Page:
Ivanti’s saga continues as the vendor released a patch Feb. 8 for yet another vulnerability it found while investigating recent bugs affecting Ivanti Connect Secure VPN, Policy Secure and ZTA gateways.
Ivanti said it has no evidence that this new vulnerability (CVSS 8.3) has been exploited in the wild because it was found during the vendor’s internal review and testing of its code.
However, they said it’s critical that security teams apply the patch so they are fully protected. Customers that applied the patch released on Jan. 31 or Feb. 1 and completed a factory reset of their appliance do not need to factory reset their appliances again.
This recent news continues Ivanti’s month-long bug issues with four other vulnerabilities targeting its network appliances, three of which were exploited in the wild.
Threat actors relentless in exploiting vulnerabilities
Since initially writing about Ivanti vulnerabilities on Jan. 12, cybersecurity firm Mandiant identified broad exploitation activity by the original threat actor — UNC5221 — as well as various other uncategorized threat groups, SC Media reported Feb. 1. In a blog post Jan. 31, Mandiant said it classifies UNC5221 as a suspected China-nexus espionage threat actor.
The issues were considered serious enough that the Cybersecurity and Infrastructure Security Agency (CISA) ordered federal agencies to disconnect all affected devices from their networks.
John Gallagher, vice president of Viakoo Labs, said Ivanti’s recovery will need to address both the technical aspects of the attacks, as well as the trust/reputational damage. Gallagher said on both fronts Ivanti has stumbled badly.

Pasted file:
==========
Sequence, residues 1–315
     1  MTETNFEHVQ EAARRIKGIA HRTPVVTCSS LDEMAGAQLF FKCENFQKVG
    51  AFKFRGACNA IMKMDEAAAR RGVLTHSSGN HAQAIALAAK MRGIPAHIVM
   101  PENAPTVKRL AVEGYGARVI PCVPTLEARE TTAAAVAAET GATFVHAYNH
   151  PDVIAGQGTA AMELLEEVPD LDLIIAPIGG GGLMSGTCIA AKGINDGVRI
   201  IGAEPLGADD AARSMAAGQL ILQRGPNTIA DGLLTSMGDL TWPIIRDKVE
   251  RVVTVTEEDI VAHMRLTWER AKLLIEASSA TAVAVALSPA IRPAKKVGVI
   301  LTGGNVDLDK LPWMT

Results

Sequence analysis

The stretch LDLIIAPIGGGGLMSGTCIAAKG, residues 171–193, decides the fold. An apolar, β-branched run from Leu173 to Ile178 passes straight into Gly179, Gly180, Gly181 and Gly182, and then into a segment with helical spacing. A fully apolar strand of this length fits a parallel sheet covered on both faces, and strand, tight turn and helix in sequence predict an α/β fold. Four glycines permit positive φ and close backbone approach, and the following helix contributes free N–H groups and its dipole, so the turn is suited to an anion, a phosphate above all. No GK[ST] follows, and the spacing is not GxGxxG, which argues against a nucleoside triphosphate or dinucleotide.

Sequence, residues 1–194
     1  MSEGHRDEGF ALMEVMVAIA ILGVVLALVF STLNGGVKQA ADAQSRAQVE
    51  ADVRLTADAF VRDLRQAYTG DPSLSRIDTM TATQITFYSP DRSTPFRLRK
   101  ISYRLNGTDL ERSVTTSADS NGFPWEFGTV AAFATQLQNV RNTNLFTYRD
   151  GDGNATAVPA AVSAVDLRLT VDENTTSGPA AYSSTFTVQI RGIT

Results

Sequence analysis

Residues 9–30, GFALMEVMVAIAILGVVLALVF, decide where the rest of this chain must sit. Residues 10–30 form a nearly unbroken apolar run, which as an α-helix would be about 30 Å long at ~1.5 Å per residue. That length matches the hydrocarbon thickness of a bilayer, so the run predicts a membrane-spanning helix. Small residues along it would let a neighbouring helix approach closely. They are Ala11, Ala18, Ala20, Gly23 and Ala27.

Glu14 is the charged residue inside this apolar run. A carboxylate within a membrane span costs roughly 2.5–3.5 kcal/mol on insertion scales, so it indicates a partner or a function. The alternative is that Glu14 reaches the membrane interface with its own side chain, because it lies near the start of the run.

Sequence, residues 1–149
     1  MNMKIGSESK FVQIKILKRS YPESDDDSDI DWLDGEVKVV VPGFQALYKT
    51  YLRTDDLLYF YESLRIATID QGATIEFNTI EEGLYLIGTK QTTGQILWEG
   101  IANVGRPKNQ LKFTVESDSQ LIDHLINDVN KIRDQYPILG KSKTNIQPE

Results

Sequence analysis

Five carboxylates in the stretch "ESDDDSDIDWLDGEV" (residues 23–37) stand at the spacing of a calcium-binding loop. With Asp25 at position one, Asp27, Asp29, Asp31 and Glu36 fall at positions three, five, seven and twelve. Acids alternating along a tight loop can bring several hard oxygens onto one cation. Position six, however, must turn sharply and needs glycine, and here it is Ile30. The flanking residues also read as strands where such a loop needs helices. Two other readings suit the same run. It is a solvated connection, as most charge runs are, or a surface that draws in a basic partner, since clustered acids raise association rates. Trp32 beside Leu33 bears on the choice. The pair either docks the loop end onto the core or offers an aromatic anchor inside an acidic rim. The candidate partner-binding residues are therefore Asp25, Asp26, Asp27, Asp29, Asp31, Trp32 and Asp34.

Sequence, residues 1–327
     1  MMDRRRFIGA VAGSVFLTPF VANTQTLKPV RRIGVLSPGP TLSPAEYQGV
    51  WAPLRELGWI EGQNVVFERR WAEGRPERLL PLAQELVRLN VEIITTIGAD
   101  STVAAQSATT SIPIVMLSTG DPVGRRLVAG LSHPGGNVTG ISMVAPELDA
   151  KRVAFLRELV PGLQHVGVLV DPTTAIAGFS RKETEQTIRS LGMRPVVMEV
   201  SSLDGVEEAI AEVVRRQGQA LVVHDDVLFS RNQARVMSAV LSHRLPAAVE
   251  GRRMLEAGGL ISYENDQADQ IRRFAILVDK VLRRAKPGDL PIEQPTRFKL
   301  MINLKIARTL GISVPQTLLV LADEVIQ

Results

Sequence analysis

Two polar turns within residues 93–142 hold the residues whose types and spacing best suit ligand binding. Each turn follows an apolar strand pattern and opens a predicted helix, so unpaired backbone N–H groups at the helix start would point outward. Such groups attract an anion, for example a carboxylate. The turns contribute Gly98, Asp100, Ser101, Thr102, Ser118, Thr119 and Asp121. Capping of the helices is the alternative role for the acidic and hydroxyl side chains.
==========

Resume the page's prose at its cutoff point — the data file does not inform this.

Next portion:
“If their patch was initially successful and stopped further exploitation, it is unlikely that CISA would have taken the action of ordering federal agencies to disconnect all affected devices and causing Ivanti massive reputational damage,” explained Gallagher.
Most cybersecurity organizations face similar risks as Ivanti's, Gallagher continued — if initial patches make the attacks worse and result in higher attack volume, then customers will quickly start to look for alternatives.
Customers are ultimately looking for what will offer the lowest risk to their organization.
“This isn’t really about Ivanti,” said Gallagher. “It’s about the nature of threat actors to be relentless in achieving their goals."
For Gallagher, the takeaway from Ivanti's troubles is that patching needs to be faster and testing needs to be more extensive, especially once it's clear a threat actor is targeting a specific device.
On the other hand, Richard Aviles, seniors solution engineer at DoControl, said it makes sense that identity platforms are under intense scrutiny since identity is the underpinning of any zero-trust architecture.
While the number and impact of the recent CVEs from Ivanti would lead us to assume there "must be a fire with all this smoke present," Aviles said there are two mitigating points to consider.
“First, Ivanti found this most recent CVE themselves while doing their own reviews and testing of their code,” said Aviles. “This means they are taking these issues seriously and working to address them. Second, their disclosure was timely, precise, and clear. Since this was an internal find, they could have chosen not to disclose at all. The fact that they disclosed this vulnerability should earn Ivanti some benefit of the doubt.”
Ivanti noted in its advisory that the patch for the most recent bug is now available for Ivanti Connect Secure (versions 9.1R14.5, 9.1R17.3, 9.1R18.4, 22.4R2.3, 22.5R1.2, 22.5R2.3 and 22.6R2.2); Ivanti Policy Secure (versions 9.1R17.3, 9.1R18.4 and 22.5R1.2); and ZTA gateways (versions 22.5R1.6, 22.6R1.5 and 22.6R1.7).